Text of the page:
Build an outline of activities that employees will be tracking time for. Specifically, establish the clients, projects, sub-projects, and/or tasks that time will be tracked for before you invite employees to use the tool. Activities can be edited or added later, but it’s best to lay out an effective and logical hierarchy ahead of time. Consider whether hierarchies should be decided with the help and input of department heads or team leaders. After all, they know best what tasks their team works on most.
If you can, avoid creating an endless list of activities, or nomenclature that uses codes and numbers. When employees need to continuously refer back to a manual to remember codes, they come to resent time tracking and are less likely to do it effectively. If you absolutely must include an extensive list of activities, provide an easily searchable legend, and set permissions so that employees only see the activities they track for (more on that below).
3. Invite team members to the dashboard!
You’ve set goals, given employees the rundown, and added activities to the dashboard. Now it’s time to invite your team to start tracking their time! On our timesheet tool, you can add people via your company’s homepage, and remember that you can organize employees into teams and groups. Depending on the size of your company, you may want to onboard one team at a time. This will ensure you have the time to answer questions and address problems at each level. Or consider having only your HR or IT team use the tool for the first month. This could be helpful in working out kinks prior to onboarding the whole company.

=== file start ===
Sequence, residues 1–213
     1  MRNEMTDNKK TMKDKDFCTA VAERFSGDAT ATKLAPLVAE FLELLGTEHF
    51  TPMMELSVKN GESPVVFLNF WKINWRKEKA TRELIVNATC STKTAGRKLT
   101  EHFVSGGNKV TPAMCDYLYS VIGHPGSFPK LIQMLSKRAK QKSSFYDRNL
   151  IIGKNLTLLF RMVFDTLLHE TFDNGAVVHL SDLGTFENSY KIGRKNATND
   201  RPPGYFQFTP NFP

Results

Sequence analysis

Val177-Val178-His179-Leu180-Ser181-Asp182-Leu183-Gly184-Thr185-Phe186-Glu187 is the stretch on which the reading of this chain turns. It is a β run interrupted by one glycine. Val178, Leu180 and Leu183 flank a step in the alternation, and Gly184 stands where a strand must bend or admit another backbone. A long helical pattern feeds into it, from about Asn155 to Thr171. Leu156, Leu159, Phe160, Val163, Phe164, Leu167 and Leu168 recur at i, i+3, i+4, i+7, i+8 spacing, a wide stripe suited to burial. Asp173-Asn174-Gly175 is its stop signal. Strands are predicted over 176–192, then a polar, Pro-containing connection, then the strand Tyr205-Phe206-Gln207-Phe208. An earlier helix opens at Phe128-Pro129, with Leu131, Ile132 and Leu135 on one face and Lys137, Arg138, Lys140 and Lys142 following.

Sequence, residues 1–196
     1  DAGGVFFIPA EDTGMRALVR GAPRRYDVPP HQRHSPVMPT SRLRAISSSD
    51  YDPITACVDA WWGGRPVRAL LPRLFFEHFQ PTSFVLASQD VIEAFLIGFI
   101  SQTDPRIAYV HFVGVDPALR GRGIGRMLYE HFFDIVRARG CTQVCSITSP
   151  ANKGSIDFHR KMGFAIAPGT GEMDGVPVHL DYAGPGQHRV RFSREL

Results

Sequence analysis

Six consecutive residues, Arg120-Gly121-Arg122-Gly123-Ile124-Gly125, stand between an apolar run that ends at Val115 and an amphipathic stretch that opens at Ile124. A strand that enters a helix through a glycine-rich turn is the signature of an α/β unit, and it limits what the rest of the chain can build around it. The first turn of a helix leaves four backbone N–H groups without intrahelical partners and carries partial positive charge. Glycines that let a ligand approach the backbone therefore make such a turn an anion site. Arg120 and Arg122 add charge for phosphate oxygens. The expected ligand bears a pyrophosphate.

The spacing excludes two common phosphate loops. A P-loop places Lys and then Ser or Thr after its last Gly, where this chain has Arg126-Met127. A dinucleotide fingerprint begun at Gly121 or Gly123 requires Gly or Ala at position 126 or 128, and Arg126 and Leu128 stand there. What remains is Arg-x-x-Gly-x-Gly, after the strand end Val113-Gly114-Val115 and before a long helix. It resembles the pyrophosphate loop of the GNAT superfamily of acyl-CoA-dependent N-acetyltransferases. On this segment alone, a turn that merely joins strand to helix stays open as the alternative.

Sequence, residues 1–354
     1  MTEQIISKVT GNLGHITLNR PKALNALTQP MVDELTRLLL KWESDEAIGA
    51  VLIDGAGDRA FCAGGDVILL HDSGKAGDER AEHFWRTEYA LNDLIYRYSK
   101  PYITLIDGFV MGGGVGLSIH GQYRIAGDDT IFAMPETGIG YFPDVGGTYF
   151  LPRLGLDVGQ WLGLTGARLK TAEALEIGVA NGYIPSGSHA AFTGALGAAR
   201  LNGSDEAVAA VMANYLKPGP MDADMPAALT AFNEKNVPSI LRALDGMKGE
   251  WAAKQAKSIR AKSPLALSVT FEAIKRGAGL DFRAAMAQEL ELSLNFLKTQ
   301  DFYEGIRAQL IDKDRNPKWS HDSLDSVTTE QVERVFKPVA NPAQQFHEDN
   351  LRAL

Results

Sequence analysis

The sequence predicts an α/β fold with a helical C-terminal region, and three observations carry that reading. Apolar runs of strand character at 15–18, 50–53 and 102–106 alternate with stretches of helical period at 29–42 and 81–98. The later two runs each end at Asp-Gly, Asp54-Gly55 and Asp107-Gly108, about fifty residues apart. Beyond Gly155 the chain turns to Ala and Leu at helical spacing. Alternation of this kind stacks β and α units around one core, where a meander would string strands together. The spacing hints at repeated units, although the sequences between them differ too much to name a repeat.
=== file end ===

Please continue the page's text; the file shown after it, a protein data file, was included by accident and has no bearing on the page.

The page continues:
4. Establish responsibilities and set permissions.
This coincides with the above point. It may be obvious who your “team leaders” will be, but be sure that permissions are correctly configured, and that they clearly understand their responsibilities. Who will be reviewing and approving submitted timesheets for each team or department? Who should follow up with employees that submit timesheets late? What about monitoring days off, budgeting for projects, or submitting hours to payroll? These might not all be applicable for your business, but responsibilities should be carefully considered to prevent confusion and finger pointing.
In our app, for instance, you can configure access and authorizations in a few different ways: